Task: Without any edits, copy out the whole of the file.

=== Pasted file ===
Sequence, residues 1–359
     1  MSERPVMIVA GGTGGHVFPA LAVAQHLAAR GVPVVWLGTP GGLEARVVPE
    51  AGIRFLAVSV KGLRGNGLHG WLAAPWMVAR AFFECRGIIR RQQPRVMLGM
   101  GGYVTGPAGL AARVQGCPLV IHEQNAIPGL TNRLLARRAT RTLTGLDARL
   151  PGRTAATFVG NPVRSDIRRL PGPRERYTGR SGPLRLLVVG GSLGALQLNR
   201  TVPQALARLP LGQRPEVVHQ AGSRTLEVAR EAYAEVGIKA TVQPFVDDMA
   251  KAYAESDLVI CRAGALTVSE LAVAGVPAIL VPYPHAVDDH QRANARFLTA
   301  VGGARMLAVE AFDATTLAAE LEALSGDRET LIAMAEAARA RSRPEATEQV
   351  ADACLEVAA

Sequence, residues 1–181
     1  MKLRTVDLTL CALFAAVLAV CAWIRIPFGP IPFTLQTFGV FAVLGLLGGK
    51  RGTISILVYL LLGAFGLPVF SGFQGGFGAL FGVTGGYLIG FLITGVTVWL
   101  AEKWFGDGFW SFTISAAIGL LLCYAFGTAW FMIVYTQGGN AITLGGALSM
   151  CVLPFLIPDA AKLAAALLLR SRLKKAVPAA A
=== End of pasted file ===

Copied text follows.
Sequence, residues 1–359
     1  MSERPVMIVA GGTGGHVFPA LAVAQHLAAR GVPVVWLGTP GGLEARVVPE
    51  AGIRFLAVSV KGLRGNGLHG WLAAPWMVAR AFFECRGIIR RQQPRVMLGM
   101  GGYVTGPAGL AARVQGCPLV IHEQNAIPGL TNRLLARRAT RTLTGLDARL
   151  PGRTAATFVG NPVRSDIRRL PGPRERYTGR SGPLRLLVVG GSLGALQLNR
   201  TVPQALARLP LGQRPEVVHQ AGSRTLEVAR EAYAEVGIKA TVQPFVDDMA
   251  KAYAESDLVI CRAGALTVSE LAVAGVPAIL VPYPHAVDDH QRANARFLTA
   301  VGGARMLAVE AFDATTLAAE LEALSGDRET LIAMAEAARA RSRPEATEQV
   351  ADACLEVAA

Sequence, residues 1–181
     1  MKLRTVDLTL CALFAAVLAV CAWIRIPFGP IPFTLQTFGV FAVLGLLGGK
    51  RGTISILVYL LLGAFGLPVF SGFQGGFGAL FGVTGGYLIG FLITGVTVWL
   101  AEKWFGDGFW SFTISAAIGL LLCYAFGTAW FMIVYTQGGN AITLGGALSM
   151  CVLPFLIPDA AKLAAALLLR SRLKKAVPAA A